The latest Valley Art Gallery exhibit features the work of many artists, including Beverly Johnson, who specializes in acrylic pour techniques. Her pieces, such as Waterfall, feature a blend of realism and abstraction. 


Card's work this time dabbles in abstraction. He's not a painter who shies away from experimenting in different formats. He came to art somewhat later in his life, as an adventurous retiree, seeking self-expression and a challenge. Card has steadfastly refused to allow himself to be pigeonholed in any one genre, which is why his paintings can often take you by surprise. The minute you think you know what to expect, he delivers something bold and out of his comfort zone. It's artists like Card who make the local art scene so vibrant and entertaining.

For this latest exhibit, Card pounces with a piece called Firestorm, an ambitious acrylic painting that focuses on a certain kind of duality. Card really lets himself go, mixing inherently unpragmatic colors (purples, oranges, yellows, etc.) creating a bifurcated canvas where one side juxtaposes the next. No, he isn't an expert in abstract painting, but he's certainly diving into the form without hiding his enthusiasm or naiveté.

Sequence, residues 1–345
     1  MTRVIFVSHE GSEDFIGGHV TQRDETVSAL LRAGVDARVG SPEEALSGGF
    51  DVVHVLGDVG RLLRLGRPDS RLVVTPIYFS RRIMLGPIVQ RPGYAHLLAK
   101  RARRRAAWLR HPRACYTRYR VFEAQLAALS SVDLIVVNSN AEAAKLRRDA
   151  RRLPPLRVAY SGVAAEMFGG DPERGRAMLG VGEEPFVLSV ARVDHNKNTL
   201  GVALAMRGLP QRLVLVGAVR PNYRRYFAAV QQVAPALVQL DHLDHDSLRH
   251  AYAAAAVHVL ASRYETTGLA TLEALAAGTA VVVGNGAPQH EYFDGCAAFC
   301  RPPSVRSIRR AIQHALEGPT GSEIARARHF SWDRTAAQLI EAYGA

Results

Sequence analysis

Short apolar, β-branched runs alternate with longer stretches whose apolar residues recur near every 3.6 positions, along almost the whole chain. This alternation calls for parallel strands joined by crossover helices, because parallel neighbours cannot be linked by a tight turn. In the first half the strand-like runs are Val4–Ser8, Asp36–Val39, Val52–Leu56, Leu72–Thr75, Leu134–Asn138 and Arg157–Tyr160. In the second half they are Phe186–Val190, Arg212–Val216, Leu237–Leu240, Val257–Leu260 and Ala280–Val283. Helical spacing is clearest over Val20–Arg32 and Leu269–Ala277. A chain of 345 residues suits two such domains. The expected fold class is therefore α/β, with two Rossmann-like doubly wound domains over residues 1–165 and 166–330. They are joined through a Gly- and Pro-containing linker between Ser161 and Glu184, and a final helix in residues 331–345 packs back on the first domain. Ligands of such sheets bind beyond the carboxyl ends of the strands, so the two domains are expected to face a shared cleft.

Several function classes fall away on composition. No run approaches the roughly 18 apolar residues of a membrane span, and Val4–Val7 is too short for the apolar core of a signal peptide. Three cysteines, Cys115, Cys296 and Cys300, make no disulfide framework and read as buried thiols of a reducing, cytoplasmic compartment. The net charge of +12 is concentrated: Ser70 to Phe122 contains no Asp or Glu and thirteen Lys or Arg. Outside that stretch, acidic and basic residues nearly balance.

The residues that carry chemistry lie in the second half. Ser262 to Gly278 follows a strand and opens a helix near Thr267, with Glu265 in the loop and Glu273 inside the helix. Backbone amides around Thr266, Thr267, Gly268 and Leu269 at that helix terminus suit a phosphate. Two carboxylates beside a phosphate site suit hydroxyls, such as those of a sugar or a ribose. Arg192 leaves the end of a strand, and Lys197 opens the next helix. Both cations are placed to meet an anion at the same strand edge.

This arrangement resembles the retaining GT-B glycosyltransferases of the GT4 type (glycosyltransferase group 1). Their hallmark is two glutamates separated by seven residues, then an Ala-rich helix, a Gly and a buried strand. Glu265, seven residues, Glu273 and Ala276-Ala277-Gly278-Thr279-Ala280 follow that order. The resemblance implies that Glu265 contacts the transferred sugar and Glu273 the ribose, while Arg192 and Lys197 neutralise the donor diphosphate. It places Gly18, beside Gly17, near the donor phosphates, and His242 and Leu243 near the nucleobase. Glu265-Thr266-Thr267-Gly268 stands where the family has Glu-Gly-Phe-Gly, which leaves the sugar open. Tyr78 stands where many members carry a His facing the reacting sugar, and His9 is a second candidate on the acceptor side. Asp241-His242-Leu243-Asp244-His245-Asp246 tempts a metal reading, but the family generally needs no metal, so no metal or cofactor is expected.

Another familiar face to the world of abstraction and still life is Beverly Johnson. Johnson is relatively new to the format, having taken it up a few years ago while looking for a break from her traditional work. But it's clear that she's quickly becoming an expert at the method, which involves using generous amounts of paint and manipulating it while moving the canvas (by spinning or tilting it) and then using tools such as an artist's palette knife to create shapes and bring new colors to the surface.

Her piece in this latest exhibit is called Waterfall, and it represents a merging of her two worlds as a painter. The waterfall behind the neat color arrangement of long waving flowers is made using the pouring technique. Johnson then wipes through the paint she pours, using the knife to create the illusion of water reflecting dozens of colors and light variations.


Get in the spotlight
Valley Art Gallery’s latest exhibit features a collection of work from many of its members. The work is on display through May 31 at the Santa Maria Public Airport District, 3900 Terminal Drive, Santa Maria. For more information, call (805) 937-2278. 


Like Card, Johnson doesn't stay chained to any one strict format or genre. She likes to play with her ideas and let her subjects dictate where to go. There's a pleasant familiarity in her work, even when she branches into new places—and it's work that should definitely be seen in person, to give the true scope of how well she balances fundamentals such as texture and light.